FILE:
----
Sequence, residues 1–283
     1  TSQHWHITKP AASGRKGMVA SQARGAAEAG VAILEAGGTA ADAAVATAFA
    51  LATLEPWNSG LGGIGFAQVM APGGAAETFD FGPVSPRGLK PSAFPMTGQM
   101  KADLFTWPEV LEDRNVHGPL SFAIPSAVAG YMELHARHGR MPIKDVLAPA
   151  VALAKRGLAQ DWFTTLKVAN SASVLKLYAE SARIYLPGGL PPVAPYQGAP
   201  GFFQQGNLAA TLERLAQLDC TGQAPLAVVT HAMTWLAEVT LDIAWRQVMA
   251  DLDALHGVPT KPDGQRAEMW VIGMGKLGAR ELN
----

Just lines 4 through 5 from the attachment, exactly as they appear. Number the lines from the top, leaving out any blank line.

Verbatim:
   101  KADLFTWPEV LEDRNVHGPL SFAIPSAVAG YMELHARHGR MPIKDVLAPA
   151  VALAKRGLAQ DWFTTLKVAN SASVLKLYAE SARIYLPGGL PPVAPYQGAP